Friends of the conflict

BY DAN-CHYI CHUA
Jun 15, 2011
*Special to asia!

Even if you don't agree with Israel, you can probably understand why it insists on perpetuating its internationally-unpopular occupation of the Palestinian people. But what about the United States?

In football, it would be akin to match fixing, but this is the Middle East peace process. Here, intransigence in favour of Israel is like the pesky relative the whole family tolerates, and learns to beat a path of least resistance around.

For the past weeks, Europe has been trying to revive the moribund peace process. France offered to host a Mideast peace conference, only to meet with cool reception from US Secretary of State Hillary Clinton.

She said it would not be “productive”.

Without "any assurance from either party that they would return to negotiations", Washington, she added,  was taking in a “wait-and-see” attitude.

Recent developments in Washington have left those (still) pining for a resolution to the Israeli-Palestinian conflict in a bit of a dismay. In a response to President Obama's speech in May, Gideon Levy, a commentator in Israel's left-leaning Haaretz newspaper wrote:

"Yesterday, the U.S. president demolished the Palestinian's only accomplishment so far - the wave of international support for recognition of statehood in September. September died last night. After America, Europe too will have to withdraw its support; hopes have ended for a historically significant declaration at the United Nations."

After the usual commiseration with the Palestinians on how they were “suffering the humiliation of occupation”, Obama had referred the Palestinian's planned UN move as “efforts to delegitimize Israel.”

He added that it would “ end in failure.”

“ Symbolic actions to isolate Israel at the United Nations in September won’t create an independent state. Palestinian leaders will not achieve peace or prosperity if Hamas insists on a path of terror and rejection.  And Palestinians will never realize their independence by denying the right of Israel to exist.”

Right out of the Israeli prime minister office's playbook. Just four days before Obama's speech, Netanyahu had declared in Jerusalem,

“Those who wish to obliterate us are no partners for peace.  A Palestinian government with half its members declaring daily that they plan to annihilate the Jewish state is not a partner for peace."

By choosing to focus on Hamas, both leaders are deliberately ignoring how the Palestinian Authority under Fatah had cooperated on various fronts with Israel in the West Bank; and that Hamas remain democratically elected representatives of the Palestinian people in Gaza.

Obama and Israel's unrelenting refusal to engage Hamas was rebuked in an open letter signed by 24 former world leaders, foreign ministers and negotiators, that included Israel's former top diplomat Shlomo ben-Ami and ex-Palestinian negotiator Hanan Ashrawi.

They pointed out that :“Palestinian unity is a fruit of the "Arab Spring, " and that

“... achieving a durable peace requires an inclusive approach. We consider it of vital importance that the international community supports Palestinian unity and avoids any steps that could jeopardise the fragile reconciliation process.”

In a rebuttal of Netanyahu's earlier remarks, they wrote:

“Asking Fatah to choose between making peace with Hamas and making peace with Israel presents a false choice: a lasting peace with Israel is only possible if Hamas is on board.”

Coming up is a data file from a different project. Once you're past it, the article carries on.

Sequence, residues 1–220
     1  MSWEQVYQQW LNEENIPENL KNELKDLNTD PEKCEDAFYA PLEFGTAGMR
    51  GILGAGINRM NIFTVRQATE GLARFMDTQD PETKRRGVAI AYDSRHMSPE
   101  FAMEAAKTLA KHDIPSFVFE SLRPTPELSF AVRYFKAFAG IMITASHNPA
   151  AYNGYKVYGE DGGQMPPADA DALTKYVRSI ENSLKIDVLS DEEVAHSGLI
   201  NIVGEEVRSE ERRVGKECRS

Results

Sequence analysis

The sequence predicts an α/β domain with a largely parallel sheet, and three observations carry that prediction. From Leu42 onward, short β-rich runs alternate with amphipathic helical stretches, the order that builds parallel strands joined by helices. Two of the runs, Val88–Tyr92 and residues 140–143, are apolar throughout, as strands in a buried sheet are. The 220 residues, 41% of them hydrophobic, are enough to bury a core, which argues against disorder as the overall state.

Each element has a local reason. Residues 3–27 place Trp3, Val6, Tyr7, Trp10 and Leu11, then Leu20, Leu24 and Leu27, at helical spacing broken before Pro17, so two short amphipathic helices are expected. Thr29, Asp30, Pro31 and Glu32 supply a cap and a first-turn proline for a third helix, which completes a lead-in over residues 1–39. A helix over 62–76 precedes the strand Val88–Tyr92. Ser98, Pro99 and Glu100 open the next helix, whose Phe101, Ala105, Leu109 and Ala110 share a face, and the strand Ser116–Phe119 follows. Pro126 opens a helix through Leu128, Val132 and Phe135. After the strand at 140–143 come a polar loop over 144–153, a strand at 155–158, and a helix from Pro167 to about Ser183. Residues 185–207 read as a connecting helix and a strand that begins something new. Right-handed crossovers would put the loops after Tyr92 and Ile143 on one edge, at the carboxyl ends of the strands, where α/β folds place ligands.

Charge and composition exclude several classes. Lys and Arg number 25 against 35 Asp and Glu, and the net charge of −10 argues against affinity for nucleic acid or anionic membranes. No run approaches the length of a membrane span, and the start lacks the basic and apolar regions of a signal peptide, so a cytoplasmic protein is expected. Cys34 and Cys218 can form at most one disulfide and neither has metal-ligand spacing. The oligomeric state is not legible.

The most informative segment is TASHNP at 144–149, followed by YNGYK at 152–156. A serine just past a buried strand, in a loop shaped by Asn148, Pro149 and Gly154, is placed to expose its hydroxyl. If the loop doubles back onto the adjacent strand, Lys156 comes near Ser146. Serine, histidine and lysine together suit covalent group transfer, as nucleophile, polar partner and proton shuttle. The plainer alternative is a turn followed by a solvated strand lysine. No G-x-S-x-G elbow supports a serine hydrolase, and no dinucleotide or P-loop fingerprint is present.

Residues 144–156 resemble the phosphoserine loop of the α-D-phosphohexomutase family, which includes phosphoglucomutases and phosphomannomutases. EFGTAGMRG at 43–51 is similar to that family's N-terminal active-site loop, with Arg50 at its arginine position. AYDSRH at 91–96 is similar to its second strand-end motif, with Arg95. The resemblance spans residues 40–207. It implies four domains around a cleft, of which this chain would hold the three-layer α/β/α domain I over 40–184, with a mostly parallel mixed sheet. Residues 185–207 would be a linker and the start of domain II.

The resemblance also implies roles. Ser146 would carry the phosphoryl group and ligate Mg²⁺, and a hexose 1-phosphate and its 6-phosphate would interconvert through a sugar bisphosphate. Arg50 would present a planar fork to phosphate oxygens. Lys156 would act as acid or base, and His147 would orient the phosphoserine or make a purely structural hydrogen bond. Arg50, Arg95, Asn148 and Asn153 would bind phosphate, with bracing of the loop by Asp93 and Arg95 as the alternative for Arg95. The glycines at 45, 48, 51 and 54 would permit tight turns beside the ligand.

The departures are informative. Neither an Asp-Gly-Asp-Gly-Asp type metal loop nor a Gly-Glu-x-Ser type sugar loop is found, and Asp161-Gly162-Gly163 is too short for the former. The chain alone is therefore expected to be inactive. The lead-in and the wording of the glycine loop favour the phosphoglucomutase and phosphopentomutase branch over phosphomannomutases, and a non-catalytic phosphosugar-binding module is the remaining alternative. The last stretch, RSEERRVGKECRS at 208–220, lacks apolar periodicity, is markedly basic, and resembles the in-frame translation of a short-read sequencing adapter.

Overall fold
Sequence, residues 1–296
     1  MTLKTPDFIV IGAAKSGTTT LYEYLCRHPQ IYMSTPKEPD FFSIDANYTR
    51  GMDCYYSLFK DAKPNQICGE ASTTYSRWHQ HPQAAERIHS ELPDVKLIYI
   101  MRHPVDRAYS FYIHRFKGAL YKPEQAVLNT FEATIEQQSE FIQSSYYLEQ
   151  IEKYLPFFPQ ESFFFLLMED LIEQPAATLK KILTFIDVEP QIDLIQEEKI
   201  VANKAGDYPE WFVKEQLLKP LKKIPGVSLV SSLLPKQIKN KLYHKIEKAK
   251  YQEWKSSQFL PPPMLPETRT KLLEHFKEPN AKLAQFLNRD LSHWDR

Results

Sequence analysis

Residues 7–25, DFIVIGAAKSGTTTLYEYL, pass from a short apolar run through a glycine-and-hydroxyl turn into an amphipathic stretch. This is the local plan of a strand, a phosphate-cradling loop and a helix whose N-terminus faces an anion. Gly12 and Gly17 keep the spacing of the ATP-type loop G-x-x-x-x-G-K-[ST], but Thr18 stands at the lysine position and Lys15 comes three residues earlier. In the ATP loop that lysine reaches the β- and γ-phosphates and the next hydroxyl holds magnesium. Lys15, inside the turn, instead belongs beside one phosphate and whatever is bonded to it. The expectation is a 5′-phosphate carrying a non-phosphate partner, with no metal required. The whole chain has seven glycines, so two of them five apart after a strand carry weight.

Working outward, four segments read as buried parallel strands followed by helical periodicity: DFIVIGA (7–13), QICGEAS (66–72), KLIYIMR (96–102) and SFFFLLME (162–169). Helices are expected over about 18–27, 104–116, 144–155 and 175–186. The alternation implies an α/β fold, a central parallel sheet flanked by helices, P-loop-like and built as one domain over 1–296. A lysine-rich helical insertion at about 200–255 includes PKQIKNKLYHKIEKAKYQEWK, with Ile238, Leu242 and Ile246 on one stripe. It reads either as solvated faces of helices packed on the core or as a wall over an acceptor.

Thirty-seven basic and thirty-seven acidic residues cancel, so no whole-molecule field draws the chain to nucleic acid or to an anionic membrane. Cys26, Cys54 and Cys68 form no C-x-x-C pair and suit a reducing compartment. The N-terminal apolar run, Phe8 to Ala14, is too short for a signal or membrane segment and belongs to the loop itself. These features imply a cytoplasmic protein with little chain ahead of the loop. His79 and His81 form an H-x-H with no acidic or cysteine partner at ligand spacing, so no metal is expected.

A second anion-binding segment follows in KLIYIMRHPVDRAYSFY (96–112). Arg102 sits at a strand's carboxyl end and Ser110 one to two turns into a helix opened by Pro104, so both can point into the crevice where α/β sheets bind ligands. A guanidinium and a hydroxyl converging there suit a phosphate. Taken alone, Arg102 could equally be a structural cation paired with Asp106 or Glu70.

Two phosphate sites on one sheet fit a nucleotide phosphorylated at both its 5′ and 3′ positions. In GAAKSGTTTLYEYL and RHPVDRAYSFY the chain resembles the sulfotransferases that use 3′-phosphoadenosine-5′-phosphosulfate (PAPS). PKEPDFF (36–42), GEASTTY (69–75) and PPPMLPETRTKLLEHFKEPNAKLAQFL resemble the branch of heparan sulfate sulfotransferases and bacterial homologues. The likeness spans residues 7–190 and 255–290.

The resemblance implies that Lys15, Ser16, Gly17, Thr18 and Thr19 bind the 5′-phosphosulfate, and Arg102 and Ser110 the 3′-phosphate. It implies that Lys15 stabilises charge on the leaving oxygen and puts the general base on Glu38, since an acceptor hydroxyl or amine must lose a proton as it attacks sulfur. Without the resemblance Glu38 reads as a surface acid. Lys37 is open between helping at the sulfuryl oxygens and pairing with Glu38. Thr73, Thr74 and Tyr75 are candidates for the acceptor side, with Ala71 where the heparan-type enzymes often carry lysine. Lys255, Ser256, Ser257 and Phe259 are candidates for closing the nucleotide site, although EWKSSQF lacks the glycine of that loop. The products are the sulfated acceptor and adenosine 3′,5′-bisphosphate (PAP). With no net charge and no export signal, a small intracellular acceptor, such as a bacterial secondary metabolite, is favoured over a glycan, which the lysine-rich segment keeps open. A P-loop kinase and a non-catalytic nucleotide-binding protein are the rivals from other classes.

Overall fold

(See full letter and list of signatories here)

Public Opinion does not a just broker make

Days after Obama's speech, Netanyahu made “Israel will not return to the indefensible lines of 1967” the catchphrase of his subsequent address to the US Congress.

One can see how Israeli border issues threaten Israel's national security, but US national security?

[Not that Obama had called on Israel to do that. The president's precise words had been :“We believe the borders of Israel and Palestine should be based on the 1967 lines with mutually agreed swaps, so that secure and recognized borders are established for both states.” (emphasis added)]

But never mind the inconvenient details. 

Netanyahu knew all the right notes to sing to a Republican congress opposed to the Democratic president, and an American leadership - ideologically sensitive to issues like national security and Israel, which also happens to be facing elections next year.

This would be the same congress from which more than 30 bipartisan senators signed up to support a resolution stating that:

“It is contrary to United States policy and national security to have the borders of Israel return to the armistice lines that existed on June 4, 1967."

One can see how Israeli border issues threaten Israel's national security, but US national security?

Dubious would be one way to look at it. Pandering to the pro-Israel lobby among their consituents and campaign supporters would be another, but consider this opinion poll published last week by the Pew Research Center .

48% said they sympathised more than Israel, compared to 11% for the Palestinians.

50% of those surveyed believe that the US has struck the right balance in its handling of the conflict, while 21% feel they were favouring the Palestinians too much.

The same survey also showed that 48% said they sympathised more than Israel, compared to 11% for the Palestinians.

So is the American leadership merely reflecting a pro-Israel bias among the people it represents?

dan-chyi chua

Dan-Chyi Chua was a broadcast journalist, before forsaking Goggle Box Glitz for the Open Road. A three-year foray led her through the Middle East, China, SE Asia, Latin America and Cuba, and she's now grounded herself as a writer for theasiamag.com, content with spending her days in Jerusalem.

Contact Dan-Chyi